The bridgecolors parameter is optional and it may contain a semicolon-separated list of additional admissible object colours. This allows searching for continuous objects which are expected to have other objects of known colours painted over them. These colours are always compared using the exact match and they do not work with the tolerance parameter.


The optional rotations parameter makes only sense when a template image is provided. It defines rotation granularity. It basically says how many times to rotate the template object for object filtering purposes. For example, the value of 36 will rotate the shape in 10-degree steps. Obviously, a high number of rotations increases accuracy of recognition of rotated objects but decreases performance. Low rotation values may be compensated through lowering the passrate parameter. This approach is somewhat better in terms of performance but raises the risk of wrong detection of objects similar enough to the template one.


Optional minimum size (width and/or height) to filter the resulting objects by. The parameter can specify both the width and height separated by a semicolon (for example "w:100;h:100") or just one of the dimensions ("h:100").


Optional maximum size (width and/or height) to filter the resulting objects by. The parameter can specify both the width and height separated by a semicolon (for example "w:100;h:100") or just one of the dimensions ("h:100").


The optional overlap mode flag defines whether the objects on the screen may overlap (conflict). If the parameter value is "true" the method makes an extra effort to look for partially overlapped objects.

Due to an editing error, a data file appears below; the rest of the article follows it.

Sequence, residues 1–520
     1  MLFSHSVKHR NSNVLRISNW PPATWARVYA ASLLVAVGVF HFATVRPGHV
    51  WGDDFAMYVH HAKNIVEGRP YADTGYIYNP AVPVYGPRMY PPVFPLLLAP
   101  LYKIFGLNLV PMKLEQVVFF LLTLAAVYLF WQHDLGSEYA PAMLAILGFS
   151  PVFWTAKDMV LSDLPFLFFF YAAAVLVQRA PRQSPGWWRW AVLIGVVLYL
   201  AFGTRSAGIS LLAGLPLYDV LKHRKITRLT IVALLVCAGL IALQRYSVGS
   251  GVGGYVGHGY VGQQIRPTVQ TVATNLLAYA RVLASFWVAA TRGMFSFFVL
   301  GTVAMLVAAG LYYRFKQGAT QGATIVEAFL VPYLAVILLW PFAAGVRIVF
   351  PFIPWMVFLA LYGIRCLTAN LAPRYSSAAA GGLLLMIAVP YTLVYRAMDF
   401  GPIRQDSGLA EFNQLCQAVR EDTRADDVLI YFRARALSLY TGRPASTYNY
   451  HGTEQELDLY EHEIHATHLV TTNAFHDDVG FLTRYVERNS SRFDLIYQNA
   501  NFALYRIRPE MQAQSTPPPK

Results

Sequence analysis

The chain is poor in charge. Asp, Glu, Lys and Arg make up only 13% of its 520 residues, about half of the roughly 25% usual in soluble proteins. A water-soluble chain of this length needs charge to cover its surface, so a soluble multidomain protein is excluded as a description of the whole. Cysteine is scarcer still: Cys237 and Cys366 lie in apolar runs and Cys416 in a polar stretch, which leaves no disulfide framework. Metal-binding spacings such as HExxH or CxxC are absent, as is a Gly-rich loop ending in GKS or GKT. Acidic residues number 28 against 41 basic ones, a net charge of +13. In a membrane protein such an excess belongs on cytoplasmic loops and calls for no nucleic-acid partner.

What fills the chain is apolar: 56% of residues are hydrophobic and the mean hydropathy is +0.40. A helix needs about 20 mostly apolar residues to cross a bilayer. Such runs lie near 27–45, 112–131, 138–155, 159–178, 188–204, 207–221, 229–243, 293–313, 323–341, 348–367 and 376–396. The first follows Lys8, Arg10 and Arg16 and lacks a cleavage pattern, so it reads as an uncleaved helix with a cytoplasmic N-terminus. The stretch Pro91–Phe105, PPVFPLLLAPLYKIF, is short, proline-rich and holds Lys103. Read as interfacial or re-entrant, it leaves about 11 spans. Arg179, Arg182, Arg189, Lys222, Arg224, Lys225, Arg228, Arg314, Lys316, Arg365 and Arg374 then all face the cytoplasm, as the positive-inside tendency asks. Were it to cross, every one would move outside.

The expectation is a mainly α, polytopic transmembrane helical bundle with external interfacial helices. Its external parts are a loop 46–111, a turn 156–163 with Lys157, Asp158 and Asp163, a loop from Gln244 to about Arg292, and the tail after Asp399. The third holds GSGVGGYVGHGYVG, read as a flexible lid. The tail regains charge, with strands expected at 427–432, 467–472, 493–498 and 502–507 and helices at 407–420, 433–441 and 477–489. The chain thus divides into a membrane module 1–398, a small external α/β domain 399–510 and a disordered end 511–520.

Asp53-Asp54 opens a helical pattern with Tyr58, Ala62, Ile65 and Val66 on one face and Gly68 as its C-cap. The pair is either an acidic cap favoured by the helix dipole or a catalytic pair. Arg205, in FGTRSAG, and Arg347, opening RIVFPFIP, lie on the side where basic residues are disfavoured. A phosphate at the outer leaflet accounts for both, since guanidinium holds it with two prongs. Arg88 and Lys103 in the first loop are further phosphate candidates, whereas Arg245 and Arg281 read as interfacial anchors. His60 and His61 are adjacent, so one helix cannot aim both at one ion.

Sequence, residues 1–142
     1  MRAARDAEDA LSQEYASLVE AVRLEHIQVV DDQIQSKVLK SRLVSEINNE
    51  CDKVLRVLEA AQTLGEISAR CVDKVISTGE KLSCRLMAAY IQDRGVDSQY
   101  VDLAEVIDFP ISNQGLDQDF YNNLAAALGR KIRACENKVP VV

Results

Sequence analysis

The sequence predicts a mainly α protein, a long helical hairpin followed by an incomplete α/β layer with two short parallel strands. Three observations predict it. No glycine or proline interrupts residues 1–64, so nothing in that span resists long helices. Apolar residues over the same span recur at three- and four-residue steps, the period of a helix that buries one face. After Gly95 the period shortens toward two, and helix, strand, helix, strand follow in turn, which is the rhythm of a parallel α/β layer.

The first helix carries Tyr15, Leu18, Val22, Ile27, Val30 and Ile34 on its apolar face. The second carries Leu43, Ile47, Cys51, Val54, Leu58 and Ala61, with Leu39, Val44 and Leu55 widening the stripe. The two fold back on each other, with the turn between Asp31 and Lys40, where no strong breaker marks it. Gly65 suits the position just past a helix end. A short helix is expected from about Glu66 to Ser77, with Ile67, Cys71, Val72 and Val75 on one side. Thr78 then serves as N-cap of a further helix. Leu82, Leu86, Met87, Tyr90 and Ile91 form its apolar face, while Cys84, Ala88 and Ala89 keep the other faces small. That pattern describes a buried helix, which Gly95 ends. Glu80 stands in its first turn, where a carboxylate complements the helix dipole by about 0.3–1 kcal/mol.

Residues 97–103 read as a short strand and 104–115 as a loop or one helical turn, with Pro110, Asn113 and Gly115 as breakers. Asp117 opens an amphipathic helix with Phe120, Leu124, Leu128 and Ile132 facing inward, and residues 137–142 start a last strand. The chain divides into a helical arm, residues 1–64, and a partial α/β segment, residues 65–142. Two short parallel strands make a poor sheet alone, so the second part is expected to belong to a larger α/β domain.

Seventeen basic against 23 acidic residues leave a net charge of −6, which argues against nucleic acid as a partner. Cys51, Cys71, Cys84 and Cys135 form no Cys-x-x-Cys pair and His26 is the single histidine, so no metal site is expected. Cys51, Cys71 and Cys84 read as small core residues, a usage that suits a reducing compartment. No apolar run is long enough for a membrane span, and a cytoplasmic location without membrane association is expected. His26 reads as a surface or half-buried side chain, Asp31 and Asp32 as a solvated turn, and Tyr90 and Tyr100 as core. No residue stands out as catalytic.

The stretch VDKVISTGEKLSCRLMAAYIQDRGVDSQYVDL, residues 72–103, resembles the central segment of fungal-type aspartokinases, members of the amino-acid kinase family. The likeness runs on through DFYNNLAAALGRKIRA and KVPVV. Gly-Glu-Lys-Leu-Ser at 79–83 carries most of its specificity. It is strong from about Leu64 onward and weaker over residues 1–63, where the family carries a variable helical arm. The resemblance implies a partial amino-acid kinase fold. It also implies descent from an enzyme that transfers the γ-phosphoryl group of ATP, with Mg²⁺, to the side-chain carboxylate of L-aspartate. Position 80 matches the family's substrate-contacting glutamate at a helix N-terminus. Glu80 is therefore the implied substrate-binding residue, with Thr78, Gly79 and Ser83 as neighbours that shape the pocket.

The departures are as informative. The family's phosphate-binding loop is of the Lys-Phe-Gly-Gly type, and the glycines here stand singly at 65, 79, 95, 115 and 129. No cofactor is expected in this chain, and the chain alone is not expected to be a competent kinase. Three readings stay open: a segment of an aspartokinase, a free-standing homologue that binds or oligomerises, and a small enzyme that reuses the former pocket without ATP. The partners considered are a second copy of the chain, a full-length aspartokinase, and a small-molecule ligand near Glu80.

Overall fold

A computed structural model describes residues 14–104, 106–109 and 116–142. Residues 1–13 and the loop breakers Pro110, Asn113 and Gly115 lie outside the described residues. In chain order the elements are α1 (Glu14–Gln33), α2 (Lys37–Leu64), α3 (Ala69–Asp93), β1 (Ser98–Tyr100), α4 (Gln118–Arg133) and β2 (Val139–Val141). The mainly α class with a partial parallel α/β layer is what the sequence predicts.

The draw parameter is an optional flag which enables highlighting of the located objects on the Robot's desktop view. When the parameter is "true" the algorithm draws the object rectangles over the desktop image in the desktop viewer GUI component. This is useful for debugging and demonstration purposes. These drawings are reset (removed) when the script finishes or another Object Search with the parameter of "clear=true" is executed.


The clear parameter allows to clear up all drawings created by the previously called Object Search methods. See the draw parameter for details.


The method makes the calling command (method call) return 0 (success) if at least one object meeting the specified criteria is found. Otherwise it returns the value of 1.


To deal with a failing "object" comparison:

  • If the script is designed to terminate after a failed search it is a good practice to create a screenshot in a lossless format (PNG or BMP). An example of such a code is shown in the example below. This will allow you to reproduce and debug the failed comparison after you load the screenshot either through the "Static Image Client" in the Login Dialog or using the "Load RD Image" button in the comparison command/method call property window.
  • Decrease the pass rate or increase the RGB tolerance parameter ("tolerance") and test it through the "Compare" button until you get a match. If the parameters don't appear to be able to fix the broken search create an alternative template image and add it to the template list or image collection.
  • For the most common factors causing comparison failures, see the Image Comparison Recommendations chapter.
  • Should the search fail for no obvious reason please mail the screenshot together with the image template(s) to the T-Plan Support.